[Haskell-cafe] On the verge of ... giving up!

jerzy.karczmarczuk at info.unicaen.fr jerzy.karczmarczuk at info.unicaen.fr
Sun Oct 14 14:39:34 EDT 2007

Brian Hurt writes: 

> I'm going to offer an opinion here that's likely to be controversial (in 
> this forum): people new to functional programming shouldn't learn Haskell 
> first.  

Great! So, there are at least two of us! 

> They should start with either Ocaml or SML first. 

Or Scheme.
Or *any* decent language, with functional tools. It is *exactly* what we
tried to do with Python. Paying tribute to our pedagogical constraints,
and teaching a language with a strong imperative taste, but using
functional constructions as frequently as possible. Recursion,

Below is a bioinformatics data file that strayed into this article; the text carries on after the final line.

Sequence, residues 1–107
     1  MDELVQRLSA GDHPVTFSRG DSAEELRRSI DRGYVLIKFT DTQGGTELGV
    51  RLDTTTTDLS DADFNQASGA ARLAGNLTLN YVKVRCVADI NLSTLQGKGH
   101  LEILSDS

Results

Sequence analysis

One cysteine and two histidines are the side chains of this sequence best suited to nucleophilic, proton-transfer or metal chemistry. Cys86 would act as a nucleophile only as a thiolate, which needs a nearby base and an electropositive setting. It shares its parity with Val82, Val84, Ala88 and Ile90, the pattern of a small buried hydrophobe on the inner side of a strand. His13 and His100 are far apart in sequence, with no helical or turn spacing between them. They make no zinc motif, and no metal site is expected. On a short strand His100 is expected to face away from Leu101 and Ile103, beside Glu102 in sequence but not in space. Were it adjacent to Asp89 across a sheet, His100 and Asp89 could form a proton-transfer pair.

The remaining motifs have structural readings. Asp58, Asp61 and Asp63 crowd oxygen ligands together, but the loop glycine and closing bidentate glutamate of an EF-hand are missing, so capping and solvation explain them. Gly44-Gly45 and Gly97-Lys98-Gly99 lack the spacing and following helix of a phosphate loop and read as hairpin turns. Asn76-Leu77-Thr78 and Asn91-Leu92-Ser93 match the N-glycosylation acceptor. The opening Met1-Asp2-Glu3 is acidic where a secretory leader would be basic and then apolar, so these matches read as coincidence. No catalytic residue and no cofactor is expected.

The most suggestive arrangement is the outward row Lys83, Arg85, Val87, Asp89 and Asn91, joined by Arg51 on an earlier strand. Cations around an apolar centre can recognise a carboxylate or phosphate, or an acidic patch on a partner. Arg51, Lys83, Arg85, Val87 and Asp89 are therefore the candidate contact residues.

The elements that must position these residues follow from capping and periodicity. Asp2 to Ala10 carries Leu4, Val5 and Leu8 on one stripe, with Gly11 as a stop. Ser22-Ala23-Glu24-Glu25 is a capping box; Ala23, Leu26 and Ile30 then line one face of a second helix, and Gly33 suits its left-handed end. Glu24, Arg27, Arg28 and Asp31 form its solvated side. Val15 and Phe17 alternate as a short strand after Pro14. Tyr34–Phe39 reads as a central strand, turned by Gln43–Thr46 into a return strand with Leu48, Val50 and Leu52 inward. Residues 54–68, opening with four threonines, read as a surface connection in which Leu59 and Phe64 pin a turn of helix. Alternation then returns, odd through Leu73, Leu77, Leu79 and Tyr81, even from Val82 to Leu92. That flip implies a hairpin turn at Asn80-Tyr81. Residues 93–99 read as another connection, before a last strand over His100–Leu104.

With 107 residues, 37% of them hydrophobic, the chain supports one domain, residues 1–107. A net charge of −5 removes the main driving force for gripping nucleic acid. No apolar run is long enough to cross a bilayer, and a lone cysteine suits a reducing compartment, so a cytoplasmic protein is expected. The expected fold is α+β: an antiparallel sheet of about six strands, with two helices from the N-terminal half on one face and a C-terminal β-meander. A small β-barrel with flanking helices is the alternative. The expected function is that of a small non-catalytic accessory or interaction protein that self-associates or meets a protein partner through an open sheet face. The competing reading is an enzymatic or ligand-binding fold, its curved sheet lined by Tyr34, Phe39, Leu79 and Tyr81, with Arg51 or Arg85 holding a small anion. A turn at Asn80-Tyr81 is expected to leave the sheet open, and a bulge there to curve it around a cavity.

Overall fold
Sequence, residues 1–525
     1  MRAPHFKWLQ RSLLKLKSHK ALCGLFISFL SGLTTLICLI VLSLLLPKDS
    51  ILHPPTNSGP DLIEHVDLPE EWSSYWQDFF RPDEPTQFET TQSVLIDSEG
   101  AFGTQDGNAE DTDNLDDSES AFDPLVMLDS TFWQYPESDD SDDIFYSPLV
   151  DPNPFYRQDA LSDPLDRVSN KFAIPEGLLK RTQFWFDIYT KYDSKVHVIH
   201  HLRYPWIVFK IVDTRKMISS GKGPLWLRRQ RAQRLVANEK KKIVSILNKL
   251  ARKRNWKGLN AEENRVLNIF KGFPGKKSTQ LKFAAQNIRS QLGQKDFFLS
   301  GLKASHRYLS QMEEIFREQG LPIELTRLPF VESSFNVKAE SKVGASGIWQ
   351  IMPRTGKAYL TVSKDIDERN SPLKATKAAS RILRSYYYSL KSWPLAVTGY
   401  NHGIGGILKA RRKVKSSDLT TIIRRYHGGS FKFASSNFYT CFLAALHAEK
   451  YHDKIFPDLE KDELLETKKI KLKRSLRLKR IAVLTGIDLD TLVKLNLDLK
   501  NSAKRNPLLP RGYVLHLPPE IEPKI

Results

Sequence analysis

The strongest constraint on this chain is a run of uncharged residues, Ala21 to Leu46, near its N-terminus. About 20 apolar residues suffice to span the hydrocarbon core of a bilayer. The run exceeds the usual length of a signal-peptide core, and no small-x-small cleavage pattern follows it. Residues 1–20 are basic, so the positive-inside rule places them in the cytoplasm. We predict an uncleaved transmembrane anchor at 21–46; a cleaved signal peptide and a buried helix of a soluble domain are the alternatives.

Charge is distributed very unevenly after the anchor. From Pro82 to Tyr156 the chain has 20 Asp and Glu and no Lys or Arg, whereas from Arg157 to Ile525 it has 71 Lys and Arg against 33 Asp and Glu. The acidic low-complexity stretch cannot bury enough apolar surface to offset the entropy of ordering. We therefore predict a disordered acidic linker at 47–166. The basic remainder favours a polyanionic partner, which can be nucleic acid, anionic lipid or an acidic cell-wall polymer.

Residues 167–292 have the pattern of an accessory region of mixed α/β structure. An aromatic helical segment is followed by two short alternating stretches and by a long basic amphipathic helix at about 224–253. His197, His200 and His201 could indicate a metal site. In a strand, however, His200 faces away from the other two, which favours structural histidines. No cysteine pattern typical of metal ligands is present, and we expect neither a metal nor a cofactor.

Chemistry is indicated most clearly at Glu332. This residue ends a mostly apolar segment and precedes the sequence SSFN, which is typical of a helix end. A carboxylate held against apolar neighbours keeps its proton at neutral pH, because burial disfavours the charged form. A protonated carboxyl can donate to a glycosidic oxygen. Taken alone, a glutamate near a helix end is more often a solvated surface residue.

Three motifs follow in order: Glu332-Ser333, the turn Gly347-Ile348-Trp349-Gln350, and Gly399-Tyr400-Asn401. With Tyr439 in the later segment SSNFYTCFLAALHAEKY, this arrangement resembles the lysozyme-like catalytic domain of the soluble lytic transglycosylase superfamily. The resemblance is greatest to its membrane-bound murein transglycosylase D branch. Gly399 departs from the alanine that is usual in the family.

comprehensions, map/filter business (despite strong intentions of Guido
V.R. of killing them...), etc.
Also, higher-order functions, not so bad in Python, although sometimes
curiously inefficient. But, anyway, splitting between the language and
the basic techniques may be not so stupid.
Hm. An Anglosaxon shouldn't say "techniques may not be so stupid"?... 

I agree with what Brian says next. But...: 

> In a similiar fasion, Ocaml allows you to write old fasioned impertive 
> code when you need to just get something working.  And as you have the 
> time/inclination/need to, you can start playing with more advanced 
> functional concepts, like purely applicative data structures, lazy 
> evaluation, and even monads.

As far as the lazy evaluation is concerned, I would suggest then to jump
to Haskell or to Clean, after just a few simple-minded exercices in other
languages (the cons-stream, etc. in Scheme. Or, the generators in Python,
which are in a sense "lazy objects").
Otherwise you will *never* get a taste of laziness. It is useful only if
it is comfortable. 

Jerzy Karczmarczuk 

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